A former commander of the Pearl Harbor destroyer USS Chafee received a scathing censure from the secretary of the Navy accusing him of accepting tens of thousands of dollars in improper gifts from corrupt Malaysian defense contractor Leonard Glenn Francis and demonstrating a "higher loyalty" to Francis than to the United States.
Navy Secretary Richard Spencer told Capt. Heedong Choi that "as your leadership positions increased, so too did your value to Mr. Francis."
Francis, a ship services contractor known as "Fat Leonard," stated that Choi had been on his "payroll" since 2001 because he "kept delivering," Spencer said in the April 26 censure letter.
On June 6, 2009, Choi improperly solicited an "elaborate and lavish private dinner" for his marriage proposal plans with a jazz ensemble on the helipad of the Swissotel in Singapore, with Francis and/or his company, Glenn Defense Marine Asia, footing the $18,000 bill, according to the Navy.
Spencer said Choi in 2012 obstructed justice by wrongfully notifying Francis of an ongoing investigation by the Naval Criminal Investigative Service and Korean authorities into Glenn Defense's fraudulent business.
"Your actions have cast a shadow over the reputation of all the outstanding men and women who served during your tenure in command and time in other leadership positions," Spencer said.
Choi was commanding officer of the Chafee from April 2008 to April 2010. He had previously held the position of executive officer, the No. 2 in command, on the Pearl Harbor-based cruiser USS Lake Erie. From 2010 to 2013 he was a staff officer at U.S. Pacific Command.
In 2018 Choi was dismissed from his job as commanding officer of the Navy ROTC program at the State University of New York's Maritime College, according to Navy Times.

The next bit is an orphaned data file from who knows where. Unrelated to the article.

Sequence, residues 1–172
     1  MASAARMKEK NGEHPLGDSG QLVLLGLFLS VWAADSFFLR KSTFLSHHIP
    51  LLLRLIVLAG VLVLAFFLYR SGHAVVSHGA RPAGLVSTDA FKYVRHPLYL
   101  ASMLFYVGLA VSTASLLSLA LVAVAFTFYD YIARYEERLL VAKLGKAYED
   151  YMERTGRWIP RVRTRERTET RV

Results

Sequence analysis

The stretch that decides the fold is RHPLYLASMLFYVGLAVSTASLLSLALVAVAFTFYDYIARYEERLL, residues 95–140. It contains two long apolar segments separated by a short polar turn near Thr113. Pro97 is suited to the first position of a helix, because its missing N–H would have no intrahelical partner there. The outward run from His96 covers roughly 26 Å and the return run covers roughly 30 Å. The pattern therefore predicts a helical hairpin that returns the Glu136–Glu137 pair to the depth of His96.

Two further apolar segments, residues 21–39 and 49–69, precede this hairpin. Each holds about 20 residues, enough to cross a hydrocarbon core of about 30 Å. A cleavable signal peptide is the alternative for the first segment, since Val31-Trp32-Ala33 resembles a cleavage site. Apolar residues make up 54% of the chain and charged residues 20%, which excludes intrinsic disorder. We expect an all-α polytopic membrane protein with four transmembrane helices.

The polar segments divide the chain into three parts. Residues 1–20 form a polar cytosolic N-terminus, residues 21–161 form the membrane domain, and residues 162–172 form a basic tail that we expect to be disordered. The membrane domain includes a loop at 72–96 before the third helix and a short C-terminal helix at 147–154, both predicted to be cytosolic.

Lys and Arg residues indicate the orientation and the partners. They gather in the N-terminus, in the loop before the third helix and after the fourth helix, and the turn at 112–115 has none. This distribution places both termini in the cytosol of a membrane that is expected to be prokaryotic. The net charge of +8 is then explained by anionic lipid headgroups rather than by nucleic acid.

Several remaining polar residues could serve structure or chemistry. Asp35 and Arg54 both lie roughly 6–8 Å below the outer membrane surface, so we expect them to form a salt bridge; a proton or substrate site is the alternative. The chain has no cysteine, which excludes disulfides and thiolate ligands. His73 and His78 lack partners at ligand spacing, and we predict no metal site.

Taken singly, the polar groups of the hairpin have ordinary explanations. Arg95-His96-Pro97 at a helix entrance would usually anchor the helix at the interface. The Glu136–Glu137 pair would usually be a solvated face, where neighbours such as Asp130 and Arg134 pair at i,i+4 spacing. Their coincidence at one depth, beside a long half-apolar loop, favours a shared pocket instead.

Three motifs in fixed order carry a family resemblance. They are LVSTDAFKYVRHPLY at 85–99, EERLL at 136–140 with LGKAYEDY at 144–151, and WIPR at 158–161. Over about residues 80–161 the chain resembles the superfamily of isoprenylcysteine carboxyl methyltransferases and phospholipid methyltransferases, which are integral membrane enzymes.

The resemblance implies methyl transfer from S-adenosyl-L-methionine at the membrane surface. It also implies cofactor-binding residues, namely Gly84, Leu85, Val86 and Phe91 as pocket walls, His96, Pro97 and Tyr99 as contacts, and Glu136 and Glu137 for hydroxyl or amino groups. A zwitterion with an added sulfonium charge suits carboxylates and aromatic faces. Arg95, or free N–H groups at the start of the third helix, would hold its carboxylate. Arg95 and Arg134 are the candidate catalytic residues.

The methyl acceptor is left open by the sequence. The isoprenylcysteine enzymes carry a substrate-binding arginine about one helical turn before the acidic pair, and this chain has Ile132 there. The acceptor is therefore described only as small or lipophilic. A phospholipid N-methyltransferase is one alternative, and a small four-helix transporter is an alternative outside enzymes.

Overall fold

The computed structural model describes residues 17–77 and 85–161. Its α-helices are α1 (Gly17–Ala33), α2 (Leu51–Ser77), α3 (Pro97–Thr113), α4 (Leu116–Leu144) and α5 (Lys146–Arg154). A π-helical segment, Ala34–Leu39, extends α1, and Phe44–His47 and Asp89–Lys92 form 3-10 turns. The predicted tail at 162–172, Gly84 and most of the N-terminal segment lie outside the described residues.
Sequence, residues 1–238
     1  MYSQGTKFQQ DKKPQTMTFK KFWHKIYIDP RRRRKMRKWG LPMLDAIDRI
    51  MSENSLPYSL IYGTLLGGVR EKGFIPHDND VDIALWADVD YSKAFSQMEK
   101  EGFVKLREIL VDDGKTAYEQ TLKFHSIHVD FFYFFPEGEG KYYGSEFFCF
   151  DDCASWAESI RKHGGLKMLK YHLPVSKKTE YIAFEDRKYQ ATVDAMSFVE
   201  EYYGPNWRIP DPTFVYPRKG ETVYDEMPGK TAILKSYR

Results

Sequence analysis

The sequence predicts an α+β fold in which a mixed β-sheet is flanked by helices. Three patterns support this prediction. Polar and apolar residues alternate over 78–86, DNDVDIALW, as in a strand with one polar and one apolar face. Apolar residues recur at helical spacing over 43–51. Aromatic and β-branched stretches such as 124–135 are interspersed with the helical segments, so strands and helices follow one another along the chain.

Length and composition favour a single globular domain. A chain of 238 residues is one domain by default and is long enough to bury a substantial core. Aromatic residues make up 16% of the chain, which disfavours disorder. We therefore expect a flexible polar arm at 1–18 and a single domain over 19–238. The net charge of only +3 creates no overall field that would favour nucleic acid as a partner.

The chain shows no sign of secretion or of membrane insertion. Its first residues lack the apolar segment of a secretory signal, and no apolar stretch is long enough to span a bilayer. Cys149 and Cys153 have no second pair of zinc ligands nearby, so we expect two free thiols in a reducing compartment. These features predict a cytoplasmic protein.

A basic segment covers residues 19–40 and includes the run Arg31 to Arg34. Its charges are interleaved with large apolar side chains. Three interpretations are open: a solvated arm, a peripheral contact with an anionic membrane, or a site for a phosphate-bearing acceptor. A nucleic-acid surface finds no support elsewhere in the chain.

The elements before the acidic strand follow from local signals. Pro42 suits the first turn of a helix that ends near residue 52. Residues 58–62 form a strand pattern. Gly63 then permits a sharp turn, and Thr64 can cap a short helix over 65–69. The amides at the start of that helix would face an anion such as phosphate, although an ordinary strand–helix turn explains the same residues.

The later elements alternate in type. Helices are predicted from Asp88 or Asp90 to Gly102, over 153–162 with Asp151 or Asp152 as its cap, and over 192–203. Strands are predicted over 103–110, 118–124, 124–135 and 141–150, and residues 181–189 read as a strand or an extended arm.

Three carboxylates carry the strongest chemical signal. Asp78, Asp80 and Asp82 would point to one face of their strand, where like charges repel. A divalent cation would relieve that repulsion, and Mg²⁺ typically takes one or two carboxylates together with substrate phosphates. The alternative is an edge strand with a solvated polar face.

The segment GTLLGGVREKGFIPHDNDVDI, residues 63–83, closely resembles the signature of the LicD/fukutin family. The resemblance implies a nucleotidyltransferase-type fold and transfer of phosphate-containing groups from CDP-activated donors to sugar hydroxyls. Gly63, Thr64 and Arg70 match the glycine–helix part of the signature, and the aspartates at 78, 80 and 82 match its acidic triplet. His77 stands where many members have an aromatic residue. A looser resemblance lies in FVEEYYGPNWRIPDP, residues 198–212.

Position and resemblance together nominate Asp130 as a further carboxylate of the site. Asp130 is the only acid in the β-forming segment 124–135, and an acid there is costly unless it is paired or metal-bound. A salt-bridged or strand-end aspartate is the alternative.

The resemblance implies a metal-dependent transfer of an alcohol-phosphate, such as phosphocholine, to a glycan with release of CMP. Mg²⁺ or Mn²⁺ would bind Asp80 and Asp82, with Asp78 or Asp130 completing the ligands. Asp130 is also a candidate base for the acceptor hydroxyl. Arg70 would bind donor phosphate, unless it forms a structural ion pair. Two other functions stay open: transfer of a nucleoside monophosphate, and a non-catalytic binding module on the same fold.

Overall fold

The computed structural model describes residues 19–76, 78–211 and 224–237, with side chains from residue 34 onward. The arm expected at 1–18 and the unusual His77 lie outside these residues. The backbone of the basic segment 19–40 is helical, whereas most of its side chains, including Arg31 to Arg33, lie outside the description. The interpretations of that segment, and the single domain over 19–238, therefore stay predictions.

The removal was "based on alleged personal misconduct that is the subject of an ongoing investigation," the Navy was reported saying.
The publication said Choi had been administratively reassigned to the Navy ROTC unit at the U.S. Merchant Marine Academy in New York pending further investigation.
Francis, a 350-pound defense contractor, pleaded guilty in 2015 to bribery and fraud charges over the decadelong conspiracy involving Glenn Defense, which provided ship services to the Navy in Southeast Asia.
The Justice Department has been prosecuting the most serious cases in the Fat Leonard scandal. As of February, 33 defendants had been charged and 22 pleaded guilty.
The Navy said Choi "repeatedly and improperly solicited and accepted gifts" including free or discounted luxury hotel stays, Dom Perignon champagne and Cohiba Maduro cigars.
Spencer said Choi confirmed his loyalty to Glenn Defense in an email in which he wrote, "(A)t least by word of mouth, I'm passing on to everyone I know how great GDMA is."
On "multiple occasions" between 2008 and 2013, Choi committed graft in wrongfully accepting gifts worth more than $25,000 in exchange for improperly endorsing Glenn Defense, facilitating inappropriate relationships between Francis and other Navy officers and sharing internal Navy information, the censure states.
Francis had a "clear and obvious" financial incentive to curry favor with senior Navy officers, with the resulting loss to U.S. taxpayers exceeding $34.8 million, Spencer said.
This article is written by William Cole from The Honolulu Star-Advertiser and was legally licensed via the Tribune Content Agency through the NewsCred publisher network. Please direct all licensing questions to firstname.lastname@example.org.